There have been numerous efforts to build rapid houses across the country. Most innovative among them is the method created by IIT Madras students, who have built rapid, eco-friendly houses by using ‘Glass Fibre Reinforced Gypsum’ (GFRG) panels. They have successfully built a housing unit, which was constructed within a month using pre-fabricated GFRG panels made from waste gypsum.
The fertilizer industry produces around 2,000 tonnes of gypsum everyday in the form of waste, which is dumped over a large area. This waste is re-processed by calcining it into gypsum plaster, which forms the raw material for gypsum panels, which are manufactured in Mumbai by Rapidwall Building Systems, Australia.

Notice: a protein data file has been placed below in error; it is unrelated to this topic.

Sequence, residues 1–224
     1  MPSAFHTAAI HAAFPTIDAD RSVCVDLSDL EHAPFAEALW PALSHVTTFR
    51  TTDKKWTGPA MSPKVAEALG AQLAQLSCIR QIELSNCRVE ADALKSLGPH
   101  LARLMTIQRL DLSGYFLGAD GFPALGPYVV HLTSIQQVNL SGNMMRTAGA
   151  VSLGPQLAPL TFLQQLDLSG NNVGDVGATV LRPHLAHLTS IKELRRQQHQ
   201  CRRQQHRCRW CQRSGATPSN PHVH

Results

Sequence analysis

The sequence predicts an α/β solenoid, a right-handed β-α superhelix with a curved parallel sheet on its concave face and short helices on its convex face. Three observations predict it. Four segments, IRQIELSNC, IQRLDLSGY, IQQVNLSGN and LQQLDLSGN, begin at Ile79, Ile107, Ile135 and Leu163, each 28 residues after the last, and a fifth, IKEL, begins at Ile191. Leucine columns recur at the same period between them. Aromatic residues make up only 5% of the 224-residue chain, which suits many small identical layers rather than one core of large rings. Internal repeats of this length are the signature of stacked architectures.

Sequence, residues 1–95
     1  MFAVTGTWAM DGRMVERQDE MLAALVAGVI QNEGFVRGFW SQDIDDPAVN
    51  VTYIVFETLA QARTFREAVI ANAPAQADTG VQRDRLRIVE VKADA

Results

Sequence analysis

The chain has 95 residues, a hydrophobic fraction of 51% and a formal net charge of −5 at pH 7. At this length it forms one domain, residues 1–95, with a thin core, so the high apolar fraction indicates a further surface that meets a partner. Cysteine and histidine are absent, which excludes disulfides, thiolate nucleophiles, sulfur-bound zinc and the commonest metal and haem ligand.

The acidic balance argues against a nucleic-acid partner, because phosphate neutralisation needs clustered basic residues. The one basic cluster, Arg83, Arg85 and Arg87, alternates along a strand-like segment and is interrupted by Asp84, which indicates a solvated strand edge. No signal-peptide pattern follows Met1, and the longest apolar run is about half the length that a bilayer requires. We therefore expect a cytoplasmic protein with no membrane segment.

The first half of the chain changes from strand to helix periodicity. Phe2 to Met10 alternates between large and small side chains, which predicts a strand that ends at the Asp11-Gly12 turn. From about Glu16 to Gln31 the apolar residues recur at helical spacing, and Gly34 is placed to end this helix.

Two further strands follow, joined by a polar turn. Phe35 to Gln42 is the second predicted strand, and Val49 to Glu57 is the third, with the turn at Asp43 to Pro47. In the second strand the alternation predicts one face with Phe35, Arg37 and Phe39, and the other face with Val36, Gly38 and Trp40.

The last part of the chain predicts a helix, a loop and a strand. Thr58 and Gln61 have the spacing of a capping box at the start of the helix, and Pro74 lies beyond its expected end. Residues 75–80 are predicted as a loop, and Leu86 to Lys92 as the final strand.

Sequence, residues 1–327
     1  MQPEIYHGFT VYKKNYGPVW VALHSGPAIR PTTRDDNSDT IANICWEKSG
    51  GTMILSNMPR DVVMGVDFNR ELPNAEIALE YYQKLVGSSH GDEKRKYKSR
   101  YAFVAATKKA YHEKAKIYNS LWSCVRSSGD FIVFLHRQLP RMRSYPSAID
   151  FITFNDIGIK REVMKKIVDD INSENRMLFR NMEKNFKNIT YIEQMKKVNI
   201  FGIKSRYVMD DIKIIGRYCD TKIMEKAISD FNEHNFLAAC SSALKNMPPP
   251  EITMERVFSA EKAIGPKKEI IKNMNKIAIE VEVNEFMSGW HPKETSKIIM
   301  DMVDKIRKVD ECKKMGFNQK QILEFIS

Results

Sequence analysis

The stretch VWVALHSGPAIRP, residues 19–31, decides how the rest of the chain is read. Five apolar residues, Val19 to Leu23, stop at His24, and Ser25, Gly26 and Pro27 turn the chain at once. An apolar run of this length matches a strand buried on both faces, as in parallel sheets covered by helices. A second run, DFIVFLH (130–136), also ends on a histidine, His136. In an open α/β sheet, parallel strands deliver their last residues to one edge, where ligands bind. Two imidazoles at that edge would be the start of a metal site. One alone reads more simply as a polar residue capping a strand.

The manufacture of these boards is done in three stages: Firstly, the gypsum plaster is spread on a special table, on which glass fibers are poured. Secondly, another layer of gypsum plaster is poured by using specific equipment to leave a gap between the two layers and then it is left for hardening for 30 minutes. In the third stage, these boards are removed and dried faster in a special chamber. These panels are cut into required sizes using a computerized machine at at the factory and brought to the construction site to used for all parts of the building, right from walls to staircases to roofs. Trenches are first dug at the construction site and the bottom surface is plastered with cement.
The foundation is made of conventional fly ash bricks and plinth beams are cast on it. The entire gap is filled with soil and then plastered with cement. This process takes 11 days to complete.
Reference : www.ecoideaz.com